Jump to Main Content
Cellular mechanisms underlying Hyperin-induced relaxation of rat basilar artery
- Fan, Yi-Fei, Chen, Zhi-Wu, Guo, Yan, Wang, Qi-Hai, Song, Biao
- Fitoterapia 2011 v.82 no.4 pp. 626-631
- Abelmoschus, endothelium, flavonols, glass, indomethacin, membrane potential, microscopy, myocytes, nitric oxide, nitric oxide synthase, potassium channels, prostacyclin, prostaglandin synthase, rats, smooth muscle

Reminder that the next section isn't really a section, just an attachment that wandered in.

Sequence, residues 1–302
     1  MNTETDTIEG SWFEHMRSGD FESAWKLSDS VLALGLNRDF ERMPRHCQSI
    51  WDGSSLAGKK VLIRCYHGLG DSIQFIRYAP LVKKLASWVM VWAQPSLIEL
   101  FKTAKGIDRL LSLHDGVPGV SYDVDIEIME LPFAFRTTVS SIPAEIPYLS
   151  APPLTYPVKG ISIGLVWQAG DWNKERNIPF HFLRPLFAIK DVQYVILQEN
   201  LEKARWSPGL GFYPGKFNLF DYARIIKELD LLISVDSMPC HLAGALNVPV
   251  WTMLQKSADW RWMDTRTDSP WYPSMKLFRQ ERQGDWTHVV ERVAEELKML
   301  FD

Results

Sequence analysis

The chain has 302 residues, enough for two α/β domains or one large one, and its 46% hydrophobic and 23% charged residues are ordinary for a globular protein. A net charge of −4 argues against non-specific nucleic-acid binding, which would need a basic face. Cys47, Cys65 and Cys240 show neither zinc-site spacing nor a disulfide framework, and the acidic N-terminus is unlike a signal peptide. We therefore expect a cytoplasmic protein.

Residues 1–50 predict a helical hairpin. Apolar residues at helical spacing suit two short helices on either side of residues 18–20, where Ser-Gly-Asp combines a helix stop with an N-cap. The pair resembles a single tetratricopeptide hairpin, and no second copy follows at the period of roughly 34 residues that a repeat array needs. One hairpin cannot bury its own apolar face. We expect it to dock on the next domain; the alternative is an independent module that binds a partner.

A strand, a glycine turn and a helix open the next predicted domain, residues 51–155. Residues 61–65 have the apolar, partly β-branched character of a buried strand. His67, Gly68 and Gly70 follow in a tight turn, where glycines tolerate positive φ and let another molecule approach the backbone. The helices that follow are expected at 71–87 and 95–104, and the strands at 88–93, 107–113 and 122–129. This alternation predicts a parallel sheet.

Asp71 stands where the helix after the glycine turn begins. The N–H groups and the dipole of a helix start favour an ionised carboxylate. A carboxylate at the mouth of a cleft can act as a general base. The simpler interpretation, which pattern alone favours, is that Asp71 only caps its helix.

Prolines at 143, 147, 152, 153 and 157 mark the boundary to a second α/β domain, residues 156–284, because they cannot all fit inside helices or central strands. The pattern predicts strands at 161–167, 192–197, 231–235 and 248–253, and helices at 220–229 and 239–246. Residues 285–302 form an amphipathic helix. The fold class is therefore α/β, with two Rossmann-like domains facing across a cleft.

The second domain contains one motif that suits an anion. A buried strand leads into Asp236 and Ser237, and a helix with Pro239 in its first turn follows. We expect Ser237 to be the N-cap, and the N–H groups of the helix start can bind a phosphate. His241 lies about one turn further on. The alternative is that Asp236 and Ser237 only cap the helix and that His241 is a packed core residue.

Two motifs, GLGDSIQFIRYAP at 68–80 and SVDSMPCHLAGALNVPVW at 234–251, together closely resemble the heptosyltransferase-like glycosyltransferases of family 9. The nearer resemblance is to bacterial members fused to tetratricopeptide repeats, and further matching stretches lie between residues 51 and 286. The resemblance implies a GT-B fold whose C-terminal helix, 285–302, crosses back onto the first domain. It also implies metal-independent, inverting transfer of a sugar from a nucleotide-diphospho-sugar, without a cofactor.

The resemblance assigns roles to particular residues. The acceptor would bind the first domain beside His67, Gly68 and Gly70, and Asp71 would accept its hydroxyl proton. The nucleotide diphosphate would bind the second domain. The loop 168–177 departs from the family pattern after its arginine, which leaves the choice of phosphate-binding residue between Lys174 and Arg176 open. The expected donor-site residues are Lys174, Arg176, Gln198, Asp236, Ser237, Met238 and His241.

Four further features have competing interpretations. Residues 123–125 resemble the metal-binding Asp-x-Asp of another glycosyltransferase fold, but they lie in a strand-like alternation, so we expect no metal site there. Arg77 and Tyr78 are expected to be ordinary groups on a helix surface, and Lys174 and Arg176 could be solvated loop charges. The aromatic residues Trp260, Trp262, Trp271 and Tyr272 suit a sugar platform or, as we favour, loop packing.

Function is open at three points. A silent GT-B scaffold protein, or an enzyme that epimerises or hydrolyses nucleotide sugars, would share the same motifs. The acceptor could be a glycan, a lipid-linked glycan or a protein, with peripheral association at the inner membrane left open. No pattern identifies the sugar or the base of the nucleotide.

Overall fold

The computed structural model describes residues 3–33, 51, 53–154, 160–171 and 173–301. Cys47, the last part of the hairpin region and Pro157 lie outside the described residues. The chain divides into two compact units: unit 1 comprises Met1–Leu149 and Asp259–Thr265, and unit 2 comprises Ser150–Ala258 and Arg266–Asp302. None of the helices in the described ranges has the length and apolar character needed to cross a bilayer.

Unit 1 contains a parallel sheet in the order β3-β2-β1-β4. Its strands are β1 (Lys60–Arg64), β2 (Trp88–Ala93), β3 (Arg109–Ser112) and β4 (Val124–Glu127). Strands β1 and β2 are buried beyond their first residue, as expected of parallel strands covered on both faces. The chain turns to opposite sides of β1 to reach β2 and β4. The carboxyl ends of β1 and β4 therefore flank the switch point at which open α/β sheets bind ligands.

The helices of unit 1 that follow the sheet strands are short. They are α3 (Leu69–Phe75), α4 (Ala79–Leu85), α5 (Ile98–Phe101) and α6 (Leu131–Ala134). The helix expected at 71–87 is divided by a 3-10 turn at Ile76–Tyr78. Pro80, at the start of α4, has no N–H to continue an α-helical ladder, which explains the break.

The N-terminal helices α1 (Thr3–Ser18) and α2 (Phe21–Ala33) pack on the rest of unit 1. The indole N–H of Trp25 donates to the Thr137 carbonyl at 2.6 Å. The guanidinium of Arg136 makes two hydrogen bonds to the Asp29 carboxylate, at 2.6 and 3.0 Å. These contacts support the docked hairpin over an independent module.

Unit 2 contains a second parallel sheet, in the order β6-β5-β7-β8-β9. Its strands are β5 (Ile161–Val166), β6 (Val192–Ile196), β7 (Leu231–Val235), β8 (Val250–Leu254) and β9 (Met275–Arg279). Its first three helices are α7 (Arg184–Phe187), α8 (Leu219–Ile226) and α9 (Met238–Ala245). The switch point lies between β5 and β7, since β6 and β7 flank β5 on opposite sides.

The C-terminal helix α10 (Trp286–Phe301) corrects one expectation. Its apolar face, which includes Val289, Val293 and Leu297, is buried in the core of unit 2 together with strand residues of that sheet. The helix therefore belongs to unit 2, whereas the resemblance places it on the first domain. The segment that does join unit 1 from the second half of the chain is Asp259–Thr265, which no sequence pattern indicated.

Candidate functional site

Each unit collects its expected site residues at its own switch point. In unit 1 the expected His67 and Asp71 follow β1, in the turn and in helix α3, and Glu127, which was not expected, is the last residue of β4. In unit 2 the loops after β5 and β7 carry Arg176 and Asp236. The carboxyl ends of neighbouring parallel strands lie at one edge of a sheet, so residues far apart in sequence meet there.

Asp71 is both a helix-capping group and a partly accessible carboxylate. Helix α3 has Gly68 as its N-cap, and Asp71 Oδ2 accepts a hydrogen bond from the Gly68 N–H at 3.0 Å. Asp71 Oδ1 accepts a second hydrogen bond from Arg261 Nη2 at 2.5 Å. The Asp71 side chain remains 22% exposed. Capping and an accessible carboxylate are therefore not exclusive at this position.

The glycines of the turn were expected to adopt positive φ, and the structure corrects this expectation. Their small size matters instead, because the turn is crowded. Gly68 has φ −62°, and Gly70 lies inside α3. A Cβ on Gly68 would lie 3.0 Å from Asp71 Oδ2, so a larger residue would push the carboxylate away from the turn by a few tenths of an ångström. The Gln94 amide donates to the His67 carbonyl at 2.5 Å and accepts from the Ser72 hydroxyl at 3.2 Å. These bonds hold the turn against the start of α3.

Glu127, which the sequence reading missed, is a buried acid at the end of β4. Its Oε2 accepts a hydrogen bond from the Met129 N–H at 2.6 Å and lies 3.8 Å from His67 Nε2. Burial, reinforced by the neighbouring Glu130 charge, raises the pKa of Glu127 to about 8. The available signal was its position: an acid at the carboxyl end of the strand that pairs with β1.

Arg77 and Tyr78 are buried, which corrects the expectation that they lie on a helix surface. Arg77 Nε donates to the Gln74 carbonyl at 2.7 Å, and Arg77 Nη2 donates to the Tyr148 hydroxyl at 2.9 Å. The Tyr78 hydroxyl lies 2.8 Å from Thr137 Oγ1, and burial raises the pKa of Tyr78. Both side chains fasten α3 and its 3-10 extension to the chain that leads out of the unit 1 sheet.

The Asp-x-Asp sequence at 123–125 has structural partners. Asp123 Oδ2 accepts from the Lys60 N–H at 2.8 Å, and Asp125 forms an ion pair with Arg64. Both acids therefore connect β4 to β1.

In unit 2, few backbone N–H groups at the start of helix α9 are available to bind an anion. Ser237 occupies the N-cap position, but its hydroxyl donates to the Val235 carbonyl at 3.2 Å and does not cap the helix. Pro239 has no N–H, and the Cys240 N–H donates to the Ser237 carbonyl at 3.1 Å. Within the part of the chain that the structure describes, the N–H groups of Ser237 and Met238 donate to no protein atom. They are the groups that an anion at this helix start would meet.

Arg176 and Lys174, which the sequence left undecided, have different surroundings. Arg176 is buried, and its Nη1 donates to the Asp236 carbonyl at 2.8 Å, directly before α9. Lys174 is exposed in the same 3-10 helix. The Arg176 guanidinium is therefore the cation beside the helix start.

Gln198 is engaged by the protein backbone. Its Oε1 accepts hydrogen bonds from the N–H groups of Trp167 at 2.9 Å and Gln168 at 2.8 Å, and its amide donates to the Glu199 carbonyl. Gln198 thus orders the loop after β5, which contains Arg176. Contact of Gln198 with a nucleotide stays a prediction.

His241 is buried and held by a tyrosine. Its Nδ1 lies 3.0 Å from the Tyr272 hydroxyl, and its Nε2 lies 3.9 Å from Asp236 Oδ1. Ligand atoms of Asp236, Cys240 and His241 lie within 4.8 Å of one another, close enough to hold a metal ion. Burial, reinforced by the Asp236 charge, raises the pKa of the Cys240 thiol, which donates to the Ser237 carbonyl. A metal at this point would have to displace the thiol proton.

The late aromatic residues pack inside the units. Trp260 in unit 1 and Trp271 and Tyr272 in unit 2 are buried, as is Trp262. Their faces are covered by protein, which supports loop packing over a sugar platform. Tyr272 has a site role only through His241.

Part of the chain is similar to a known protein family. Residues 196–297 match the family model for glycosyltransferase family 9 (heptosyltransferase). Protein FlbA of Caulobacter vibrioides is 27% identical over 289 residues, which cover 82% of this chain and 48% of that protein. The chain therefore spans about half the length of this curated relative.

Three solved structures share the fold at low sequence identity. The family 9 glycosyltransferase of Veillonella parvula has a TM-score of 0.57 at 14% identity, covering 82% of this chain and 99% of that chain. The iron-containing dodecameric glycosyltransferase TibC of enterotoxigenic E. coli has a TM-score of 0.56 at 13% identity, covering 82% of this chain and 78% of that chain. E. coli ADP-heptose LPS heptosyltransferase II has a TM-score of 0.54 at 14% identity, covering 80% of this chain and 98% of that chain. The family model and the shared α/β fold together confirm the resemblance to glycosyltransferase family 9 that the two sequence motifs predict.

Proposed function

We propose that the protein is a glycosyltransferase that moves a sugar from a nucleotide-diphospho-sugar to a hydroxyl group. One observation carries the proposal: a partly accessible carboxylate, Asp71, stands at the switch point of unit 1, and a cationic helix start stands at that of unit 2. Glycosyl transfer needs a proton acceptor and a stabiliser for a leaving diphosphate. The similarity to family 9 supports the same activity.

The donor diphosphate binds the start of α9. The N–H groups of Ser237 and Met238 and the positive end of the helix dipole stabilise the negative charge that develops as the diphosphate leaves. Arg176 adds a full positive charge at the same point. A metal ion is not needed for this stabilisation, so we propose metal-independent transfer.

- BACKGROUND AND AIM: Hyperin, a flavonol compound extracted from the Chinese herb Abelmoschus manihot L. Medic, is reported to exert protective actions in cerebral ischemic injury. The specific aim of the present study was to study the relaxation of Hyperin in rat isolated basilar artery and identify the underlying cellular mechanisms. METHODS: Rat isolated basilar artery segments were cannulated and perfused while being superfused with PSS solution. Vessel images were recorded by video microscopy and diameters measured. Membrane potential was recorded using glass microelectrodes to evaluate the basilar artery smooth muscle cell hyperpolarization. RESULTS: Perfusion of Hyperin (1~100μM) elicited a concentration-dependent relaxation of basilar artery segments preconstricted with 0.1μM U46619. The response was significantly inhibited by the removal of the endothelium. Hyperin also elicited marked and concentration-dependent hyperpolarization of smooth muscle cells. 30μM nitro-L-arginine (an inhibitor of nitric oxide synthase) and indomethacin (an inhibitor of cyclooxygenase), partially inhibited Hyperin-induced relaxation and hyperpolarization leaving an attenuated, but significant, endothelium-dependent relaxation and hyperpolarization. This remaining effect was almost completely blocked by 1mM tetraethylammonium (an inhibitor of Ca²⁺-activated K⁺ channels), or by 100μM DL-propargylglycine, an inhibitor of cystathionine-γ-lyase (a synthase of the endogenous H₂S). CONCLUSION: These findings show that Hyperin produces significant hyperpolarization in rat basilar artery smooth muscle cells and relaxation through both endothelium-dependent and endothelium-independent mechanisms. The underlying mechanisms appeared to be multi-factorial involving nitric oxide, prostacyclin, and endothelium-derived hyperpolarizing factor (EDHF). Our data further suggest that endogenous H₂S is a component of the EDHF-mediated hyperpolarization and relaxation to Hyperin.